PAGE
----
Residents in Arizona who are suspected of driving under the influence may be asked to take a field sobriety test. Matthew Lopez Law is here to discuss the difference between the standardized and non-standardized versions of these tests.
Field sobriety tests come in two forms: standardized and non-standardized. Generally speaking, you will likely be given a standardized test. This is because these tests have standards set by the National Highway Traffic Safety Administration. Since there is official agreement on how to judge the results of these tests, they are more consistent and thus used more often in court.
However, it should be noted that even standardized field sobriety tests are not considered fool-proof. More often than not, they are used as supplementary material to help support already existing evidence in a case.
Some examples of non-standardized tests can include reciting the alphabet backwards, counting down from a high number, the hand pat test, or the Rhomberg balance test. There are only three standardized tests by comparison. They are the walk-and-turn test, the horizontal gaze nystagmus test, and the one-leg stand test.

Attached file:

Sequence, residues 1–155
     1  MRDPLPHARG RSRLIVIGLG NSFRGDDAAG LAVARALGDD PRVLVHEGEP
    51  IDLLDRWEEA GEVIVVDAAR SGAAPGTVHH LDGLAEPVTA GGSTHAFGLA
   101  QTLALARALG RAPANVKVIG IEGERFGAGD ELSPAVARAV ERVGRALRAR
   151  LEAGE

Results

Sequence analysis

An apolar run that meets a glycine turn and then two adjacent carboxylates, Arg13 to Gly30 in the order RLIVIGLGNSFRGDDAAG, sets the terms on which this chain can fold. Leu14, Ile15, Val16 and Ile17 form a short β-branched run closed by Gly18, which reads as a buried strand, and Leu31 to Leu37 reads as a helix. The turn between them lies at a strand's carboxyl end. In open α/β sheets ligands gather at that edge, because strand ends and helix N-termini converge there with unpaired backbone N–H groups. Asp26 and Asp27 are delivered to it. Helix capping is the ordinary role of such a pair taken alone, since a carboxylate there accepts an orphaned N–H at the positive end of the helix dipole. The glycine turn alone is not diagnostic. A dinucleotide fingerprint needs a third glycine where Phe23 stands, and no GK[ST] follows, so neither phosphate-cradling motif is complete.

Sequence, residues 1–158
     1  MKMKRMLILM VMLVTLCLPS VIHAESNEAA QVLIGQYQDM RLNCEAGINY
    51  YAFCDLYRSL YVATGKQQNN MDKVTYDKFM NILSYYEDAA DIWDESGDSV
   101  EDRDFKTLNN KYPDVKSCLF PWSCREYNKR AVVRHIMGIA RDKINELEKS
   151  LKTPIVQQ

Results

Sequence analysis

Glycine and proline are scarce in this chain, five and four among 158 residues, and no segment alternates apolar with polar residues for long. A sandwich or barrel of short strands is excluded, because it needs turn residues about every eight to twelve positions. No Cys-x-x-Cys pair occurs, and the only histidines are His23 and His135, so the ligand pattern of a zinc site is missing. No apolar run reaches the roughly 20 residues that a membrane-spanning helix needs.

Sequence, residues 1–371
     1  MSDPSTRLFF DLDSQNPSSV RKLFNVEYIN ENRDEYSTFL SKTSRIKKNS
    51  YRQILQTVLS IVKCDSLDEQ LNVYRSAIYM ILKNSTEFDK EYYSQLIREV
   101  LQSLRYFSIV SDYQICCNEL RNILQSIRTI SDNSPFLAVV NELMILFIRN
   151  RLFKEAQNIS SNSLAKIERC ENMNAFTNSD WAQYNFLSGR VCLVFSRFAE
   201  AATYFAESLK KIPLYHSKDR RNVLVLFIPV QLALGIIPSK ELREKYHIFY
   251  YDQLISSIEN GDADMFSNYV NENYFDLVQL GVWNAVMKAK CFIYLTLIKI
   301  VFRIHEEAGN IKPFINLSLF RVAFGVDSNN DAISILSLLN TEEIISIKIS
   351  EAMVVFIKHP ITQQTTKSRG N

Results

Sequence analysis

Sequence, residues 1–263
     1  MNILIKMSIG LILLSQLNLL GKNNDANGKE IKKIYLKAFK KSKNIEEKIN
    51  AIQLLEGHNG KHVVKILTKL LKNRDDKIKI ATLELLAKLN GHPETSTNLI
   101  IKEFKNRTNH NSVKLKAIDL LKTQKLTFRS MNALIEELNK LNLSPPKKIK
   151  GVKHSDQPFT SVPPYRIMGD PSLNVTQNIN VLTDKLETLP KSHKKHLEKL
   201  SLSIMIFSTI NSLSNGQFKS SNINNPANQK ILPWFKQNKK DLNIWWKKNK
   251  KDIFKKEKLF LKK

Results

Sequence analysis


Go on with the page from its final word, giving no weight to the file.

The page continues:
Regardless of whether they are standardized or non-standardized, these tests aim to check your balance, mobility, ability to multitask, and ability to follow instruction. All of these would be difficult for you to display fine control over if you were under the influence.
If you want to learn more about these tests, other DUI related charges, or the consequences you may face for a conviction, take a look at our web page on field sobriety tests. You can also contact an experienced attorney to learn more.